I saw this brief article about a school which invested in creating an entirely new avenue for children to learn about the living world--a Botanical Garden and Aquarium on the school's site. Despite the small scale of the aquarium (which is basically a bunch of store-bought tanks) and the raised planters that can hardly be called a "Botanical Garden," the high school in New York does illustrate an admirable dedication to enhancing the science curriculum. With national cut-backs in education, and battles over what and how we teach science (especially in Texas!), I find this story to be inspiring. Not only will educators be able to show their students the abstract concepts they are studying, but kids will also get a taste of a few science-based professions, like horticulture and zookeeping.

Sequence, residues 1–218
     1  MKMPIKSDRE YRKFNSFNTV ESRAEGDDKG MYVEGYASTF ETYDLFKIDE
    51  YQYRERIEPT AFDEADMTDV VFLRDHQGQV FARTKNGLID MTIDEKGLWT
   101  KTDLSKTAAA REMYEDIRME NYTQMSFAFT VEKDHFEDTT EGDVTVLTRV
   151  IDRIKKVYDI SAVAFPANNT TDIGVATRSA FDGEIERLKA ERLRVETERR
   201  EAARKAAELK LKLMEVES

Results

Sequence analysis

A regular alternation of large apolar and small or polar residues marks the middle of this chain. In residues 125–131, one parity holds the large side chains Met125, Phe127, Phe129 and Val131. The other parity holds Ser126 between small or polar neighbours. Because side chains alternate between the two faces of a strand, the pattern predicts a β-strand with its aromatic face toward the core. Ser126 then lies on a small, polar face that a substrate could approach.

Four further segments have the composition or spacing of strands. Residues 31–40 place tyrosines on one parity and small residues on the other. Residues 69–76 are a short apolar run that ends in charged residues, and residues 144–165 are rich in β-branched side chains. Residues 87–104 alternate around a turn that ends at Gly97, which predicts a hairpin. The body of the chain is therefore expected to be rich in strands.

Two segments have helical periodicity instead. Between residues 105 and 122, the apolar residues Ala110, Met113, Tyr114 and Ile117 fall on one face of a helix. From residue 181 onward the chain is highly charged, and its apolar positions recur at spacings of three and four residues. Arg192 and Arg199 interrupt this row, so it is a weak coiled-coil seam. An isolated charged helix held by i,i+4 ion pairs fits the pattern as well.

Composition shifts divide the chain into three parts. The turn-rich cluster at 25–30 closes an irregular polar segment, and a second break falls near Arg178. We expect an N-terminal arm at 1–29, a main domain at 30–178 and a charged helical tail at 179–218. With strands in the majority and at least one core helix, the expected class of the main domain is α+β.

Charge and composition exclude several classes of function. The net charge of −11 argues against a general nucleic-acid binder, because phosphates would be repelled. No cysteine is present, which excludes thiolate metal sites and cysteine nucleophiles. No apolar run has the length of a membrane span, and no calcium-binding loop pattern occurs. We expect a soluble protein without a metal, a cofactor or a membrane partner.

As a parallel thought to the idea of evolving all science institutions (zoos, aquaria, botanical gardens, science centers, etc) into one all-encompassing Living Center, incorporating small gardens and animal exhibits into schools seems completely logical. Remember the connection you had to the classroom hamster? Imagine having raccoons or deer or even a monkey or two just outside your classroom! Inspiring children to learn about science shouldn't just occur on field trips and the occasional family day to the zoo. Professional training in high school shouldn't just mean shop class and drafting. We should encourage our schools to make these types of additions, despite the associated costs, since the benefits would surely outweigh the costs.
Good Job Gates-Chili High!